Two from Dennis Cooper: Yesterday was “Neon Angel Day”, celebrating Cherie Currie of The Runaways and her new book Neon Angel: The Story of a Runaway, which is co-authored by one of our main men, Mr. Tony “O” O’Neill. the day before that, one of Dennis’s regular readers/community-members presented a list of 10 Graphic Novels “chosen…as recommendations to Mr. Cooper and his brilliant flock.” The list includes Alan Moore and Melinda Gebbie’s Lost Girls, Derf’s My Friend Dahmer, and eight other fine titles besides, all with descriptions and excerpts. Also, Dennis, if you’re reading this, you were right about Return of the Grievous Angel–duh.
They’re talking about the James Franco Esquire story on Gawker, but here’s the interesting part- instead of burning the story themselves, they make light fun of it and then leave the real burning to us!
The litblog HMTLGIANT says of the story: “If it weren’t by James Franco, this 100% would not be in Esquire… Seems like a pretty typical ‘MFA story,’ if that’s even a type of story.” Burn? We are not literary critics, so let us just say this: James Franco is such a good actor!
Adrian Chen, if you are reading this, thanks for the link! I don’t know whether this is the first time we’ve been Gawker-linked, but it’s the first one I know of, and it made me feel great, even though that wasn’t even my post. According to the Tao Lin/Marty McFly reality-index, my hands are not see-through anymore, and I am allowed to make one facial expression of my own choosing–though obviously I’ll choose not to make one. But seriously, Adrian, I miss Foster Kamer. Also, from all of us to Nick Denton–feel free to start picking us off whenever. Imagine if instead of Ann Coulter, Peaches (naked) Geldof and Steve Jobs, the top stories on Gawker were about Harold Bloom, Natalie Lyalin, and probably Harold Bloom again. WHAT IF?
Lastly, the guy whose doppelganger I am, the other Justin Taylor (or JTO as I like to call him) has a short post called “On Scary Stories and the Moral Imagination.” It’s kind of the same argument Stephen King makes in Danse Macabre about horror as a fundamentally conservative genre, because it is founded on a fear of the other, except made by a believing Christian with a much narrower and more specific definition of “moral,” plus also it’s really short, and just quotes some other things, and so is not really very much like that at all. JTO, if you are reading this, sorry to have put words in your mouth kind of. It’s a big bridge between us, but I’m really committed to building it. What slowed me down, see, is that I can’t get my pdf copy of The Axioms of Religion by EY Mullins to print out properly–I’m trying to do it two-book-pages-to-the-printed-page–and so I haven’t been able to read it yet. But I WILL get there, and then we’ll have that to talk about. Anyway, my favorite part of your post was the Chesterton-opener, the note on which I will end-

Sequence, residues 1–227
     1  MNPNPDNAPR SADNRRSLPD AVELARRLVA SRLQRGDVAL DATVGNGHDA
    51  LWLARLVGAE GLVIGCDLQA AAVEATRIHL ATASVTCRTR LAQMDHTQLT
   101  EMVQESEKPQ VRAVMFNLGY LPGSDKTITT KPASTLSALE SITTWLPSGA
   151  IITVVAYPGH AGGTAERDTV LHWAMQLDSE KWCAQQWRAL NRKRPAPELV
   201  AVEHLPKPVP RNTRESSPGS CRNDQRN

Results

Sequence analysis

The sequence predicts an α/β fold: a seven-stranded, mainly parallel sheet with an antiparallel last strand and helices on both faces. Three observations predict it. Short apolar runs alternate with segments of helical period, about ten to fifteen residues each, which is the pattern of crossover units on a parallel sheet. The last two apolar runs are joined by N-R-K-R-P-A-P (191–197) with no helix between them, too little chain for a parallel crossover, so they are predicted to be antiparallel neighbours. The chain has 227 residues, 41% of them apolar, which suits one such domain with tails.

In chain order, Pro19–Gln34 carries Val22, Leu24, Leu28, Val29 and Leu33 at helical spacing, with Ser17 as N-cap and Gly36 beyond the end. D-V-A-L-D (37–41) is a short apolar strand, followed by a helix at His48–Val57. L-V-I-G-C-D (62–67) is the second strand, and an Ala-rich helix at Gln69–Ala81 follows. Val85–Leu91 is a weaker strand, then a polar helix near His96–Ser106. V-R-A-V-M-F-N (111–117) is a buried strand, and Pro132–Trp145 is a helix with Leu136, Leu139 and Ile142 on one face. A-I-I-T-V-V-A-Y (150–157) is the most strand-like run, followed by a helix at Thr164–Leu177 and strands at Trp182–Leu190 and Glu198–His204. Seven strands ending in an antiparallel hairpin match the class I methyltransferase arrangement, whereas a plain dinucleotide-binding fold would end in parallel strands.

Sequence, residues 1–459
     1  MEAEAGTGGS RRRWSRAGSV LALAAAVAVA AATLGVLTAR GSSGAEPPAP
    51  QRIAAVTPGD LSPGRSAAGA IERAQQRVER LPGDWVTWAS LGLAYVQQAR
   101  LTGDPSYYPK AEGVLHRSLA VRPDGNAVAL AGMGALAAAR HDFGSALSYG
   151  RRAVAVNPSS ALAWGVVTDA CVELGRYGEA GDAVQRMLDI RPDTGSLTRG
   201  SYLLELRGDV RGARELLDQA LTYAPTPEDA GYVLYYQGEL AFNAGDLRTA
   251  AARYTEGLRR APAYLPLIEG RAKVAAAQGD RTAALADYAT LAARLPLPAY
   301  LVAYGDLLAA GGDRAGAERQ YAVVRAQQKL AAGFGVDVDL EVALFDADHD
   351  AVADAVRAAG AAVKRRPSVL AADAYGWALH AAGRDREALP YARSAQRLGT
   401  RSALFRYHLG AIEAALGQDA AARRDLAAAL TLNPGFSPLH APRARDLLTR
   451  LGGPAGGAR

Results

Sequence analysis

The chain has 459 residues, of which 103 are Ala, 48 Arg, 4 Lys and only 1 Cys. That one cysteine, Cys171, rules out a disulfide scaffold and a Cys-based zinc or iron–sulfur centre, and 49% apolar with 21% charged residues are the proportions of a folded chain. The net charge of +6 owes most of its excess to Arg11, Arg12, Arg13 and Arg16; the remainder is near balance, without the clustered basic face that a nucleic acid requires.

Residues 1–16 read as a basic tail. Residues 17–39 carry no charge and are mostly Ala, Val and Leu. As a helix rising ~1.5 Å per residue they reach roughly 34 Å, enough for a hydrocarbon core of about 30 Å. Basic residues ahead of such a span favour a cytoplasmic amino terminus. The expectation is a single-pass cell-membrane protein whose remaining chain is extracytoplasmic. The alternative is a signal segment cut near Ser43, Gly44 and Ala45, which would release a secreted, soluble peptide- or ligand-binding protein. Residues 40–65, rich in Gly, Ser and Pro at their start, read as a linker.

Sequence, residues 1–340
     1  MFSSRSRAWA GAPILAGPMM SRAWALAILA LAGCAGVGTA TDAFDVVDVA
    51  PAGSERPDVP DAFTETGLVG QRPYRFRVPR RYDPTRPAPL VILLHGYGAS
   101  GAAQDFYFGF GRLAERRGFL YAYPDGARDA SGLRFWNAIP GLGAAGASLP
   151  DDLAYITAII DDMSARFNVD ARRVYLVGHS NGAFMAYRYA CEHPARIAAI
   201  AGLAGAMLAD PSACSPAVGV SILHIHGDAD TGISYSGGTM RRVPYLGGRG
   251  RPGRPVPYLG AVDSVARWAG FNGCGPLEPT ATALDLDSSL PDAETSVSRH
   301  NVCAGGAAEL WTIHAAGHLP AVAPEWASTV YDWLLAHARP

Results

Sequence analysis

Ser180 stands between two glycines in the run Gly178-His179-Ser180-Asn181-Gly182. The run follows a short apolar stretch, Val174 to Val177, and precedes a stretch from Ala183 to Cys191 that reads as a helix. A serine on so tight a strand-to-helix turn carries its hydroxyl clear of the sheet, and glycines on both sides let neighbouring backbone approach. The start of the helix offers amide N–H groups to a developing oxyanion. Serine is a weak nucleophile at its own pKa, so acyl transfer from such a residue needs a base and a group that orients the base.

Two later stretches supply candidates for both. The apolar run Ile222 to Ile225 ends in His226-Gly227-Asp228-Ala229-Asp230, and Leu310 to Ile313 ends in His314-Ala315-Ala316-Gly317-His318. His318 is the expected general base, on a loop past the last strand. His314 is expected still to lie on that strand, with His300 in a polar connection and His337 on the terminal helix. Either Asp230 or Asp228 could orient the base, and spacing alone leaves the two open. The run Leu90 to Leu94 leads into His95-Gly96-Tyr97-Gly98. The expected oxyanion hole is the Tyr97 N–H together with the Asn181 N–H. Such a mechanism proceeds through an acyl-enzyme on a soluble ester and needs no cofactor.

Fairy tales do not tell children the dragons exist.
Children already know that dragons exist.
Fairy tales tell children the dragons can be killed.
The Dave Eggers directed short film with James Franco on the new Wholphin is some of the best video art I’ve seen in a while. Dude goes at it for almost thirty minutes.
Carl Wilson is an adorably nervous Canadian music critic who lives in Toronto and he came to do a little Q & A with some students here yesterday. Carl wrote a great book in the 33 1/3 series about Celine Dion and we read it in Jonathan Lethem’s masterclass a few weeks ago. That would have been the end of the story if it hadn’t been for James Franco mentioning the book while at the Oscars and a bunch of blogs (Pitchfork, Idolator, The Village Voice, etc.) making a ruckus about it. Then he got invited to be on The Colbert Report, thus leading him to Columbia’s Writing department to say hello and presumably thank James for the name dropping.
-Autobiographies of taste
-Remembering that Celine Dion is a human being
More notes after the jump…